Problem or “mystery” in Care and Social Work?

Social professionals’ view of the good life and vulnerability determines what is seen as a problem and how it is tackled. The French philosopher Gabriel Marcel proposes the notion of “mystery” as an alternative to thinking in terms of problems.
Our editors Silke Jacobi and Ivonne Hoen attended a symposium (1) questioning the problem- and solution-oriented approach in social work getting in the way of the social worker’s “knowing”. They regard this a topical issue, in the symposium related to the phenomenological “mystery” notion of Gabriel Marcel (1889-1973).

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Caring news from Mexico

In April 2022 Estela Roselló Soberón informed us about the creation of the Seminario Cuidados para la Vida y el Bien Común at the Centro de Ciencias de la Complejidad (C3) of the Universidad Nacional Autónoma de México (UNAM). In this blog Estela Roselló Soberón, general coordinator of the Seminar, calls for allies in the endeavor to work on its mission. Continue reading Caring news from Mexico

From cancer one may sometimes die. Yet no one speaks about that anymore

Medical-technical innovations are great, but they often suppress a conversation about pain and suffering says Tessa Roberts-Smorenburg, care ethicist at the Antoni van Leeuwenhoek Hospital Amsterdam (NL) Continue reading From cancer one may sometimes die. Yet no one speaks about that anymore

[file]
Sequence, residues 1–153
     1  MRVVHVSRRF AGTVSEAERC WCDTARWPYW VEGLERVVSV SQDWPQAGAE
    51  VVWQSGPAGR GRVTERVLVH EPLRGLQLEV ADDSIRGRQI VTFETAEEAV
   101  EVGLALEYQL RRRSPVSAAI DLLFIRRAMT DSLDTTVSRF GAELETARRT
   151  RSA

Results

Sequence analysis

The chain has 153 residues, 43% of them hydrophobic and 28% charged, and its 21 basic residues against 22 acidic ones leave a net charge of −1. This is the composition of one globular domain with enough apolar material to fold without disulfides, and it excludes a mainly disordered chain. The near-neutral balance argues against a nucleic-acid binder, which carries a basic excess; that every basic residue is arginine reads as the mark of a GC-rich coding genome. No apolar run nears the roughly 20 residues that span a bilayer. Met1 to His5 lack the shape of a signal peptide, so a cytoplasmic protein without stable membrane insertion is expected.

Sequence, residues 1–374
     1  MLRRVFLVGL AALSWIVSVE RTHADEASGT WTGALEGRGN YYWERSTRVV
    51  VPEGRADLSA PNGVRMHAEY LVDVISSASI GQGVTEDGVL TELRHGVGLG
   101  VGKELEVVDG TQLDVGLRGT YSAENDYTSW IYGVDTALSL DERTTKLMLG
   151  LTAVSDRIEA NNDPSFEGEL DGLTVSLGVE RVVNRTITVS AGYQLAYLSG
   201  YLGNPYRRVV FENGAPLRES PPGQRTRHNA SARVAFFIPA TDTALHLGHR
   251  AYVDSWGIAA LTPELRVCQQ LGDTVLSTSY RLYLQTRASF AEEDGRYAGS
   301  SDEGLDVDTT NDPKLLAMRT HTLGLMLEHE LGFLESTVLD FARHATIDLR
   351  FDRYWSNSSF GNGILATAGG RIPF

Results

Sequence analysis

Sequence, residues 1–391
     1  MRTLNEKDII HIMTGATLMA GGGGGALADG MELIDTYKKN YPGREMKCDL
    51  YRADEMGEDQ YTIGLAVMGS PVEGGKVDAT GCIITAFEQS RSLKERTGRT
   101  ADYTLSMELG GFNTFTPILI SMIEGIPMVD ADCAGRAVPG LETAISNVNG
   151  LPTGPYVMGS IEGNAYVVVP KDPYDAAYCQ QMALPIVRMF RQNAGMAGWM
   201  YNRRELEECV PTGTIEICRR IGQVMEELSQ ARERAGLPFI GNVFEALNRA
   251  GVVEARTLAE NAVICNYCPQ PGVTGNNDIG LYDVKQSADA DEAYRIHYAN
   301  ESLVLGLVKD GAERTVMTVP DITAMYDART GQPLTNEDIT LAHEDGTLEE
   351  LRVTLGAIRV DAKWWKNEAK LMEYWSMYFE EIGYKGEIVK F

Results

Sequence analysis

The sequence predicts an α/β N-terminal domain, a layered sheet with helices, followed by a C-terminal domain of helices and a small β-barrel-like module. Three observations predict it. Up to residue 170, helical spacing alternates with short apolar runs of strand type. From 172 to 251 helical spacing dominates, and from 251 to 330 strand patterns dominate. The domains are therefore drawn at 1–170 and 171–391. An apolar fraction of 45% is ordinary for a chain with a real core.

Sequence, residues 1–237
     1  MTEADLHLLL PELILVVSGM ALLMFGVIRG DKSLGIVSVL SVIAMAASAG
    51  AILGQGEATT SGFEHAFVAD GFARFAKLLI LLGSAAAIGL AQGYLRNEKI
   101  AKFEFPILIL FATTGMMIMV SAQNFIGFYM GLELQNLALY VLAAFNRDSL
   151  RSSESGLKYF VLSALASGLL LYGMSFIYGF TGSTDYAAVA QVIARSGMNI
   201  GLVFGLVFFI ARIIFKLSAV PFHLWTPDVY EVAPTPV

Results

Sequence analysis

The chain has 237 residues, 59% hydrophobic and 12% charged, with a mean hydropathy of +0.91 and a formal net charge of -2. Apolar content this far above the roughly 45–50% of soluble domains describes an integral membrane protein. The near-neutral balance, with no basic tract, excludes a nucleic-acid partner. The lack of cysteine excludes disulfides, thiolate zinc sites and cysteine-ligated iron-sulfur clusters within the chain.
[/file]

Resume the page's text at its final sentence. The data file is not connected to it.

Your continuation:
Surviving as a Form of Life

The Ethics of Care as a Critique of the Ideal of the Successful Life: do individuals universally prioritize self-development? In this short book, Frans Vosman challenges this notion, highlighting a cultural group focused on survival. Vosman advocates using ‘form of life’ and ‘cultural class’ to research political ethics, challenging hegemonic ideals. Continue reading Surviving as a Form of Life

Repost – We should be looking for fellow travelers

Present times, worrisome as they are, require the critical ethics of care to be put in the spotlight. Next to current articles, the editors plan to every now and then repost earlier articles to clarify this specific way of care-ethical thinking. We start with a post written in 2017 by care ethicist Frans Vosman († 2020). Vosman, founder of this website, introduced himself in this article by presenting his thoughts about care ethics and by pointing out where further thinking is required.

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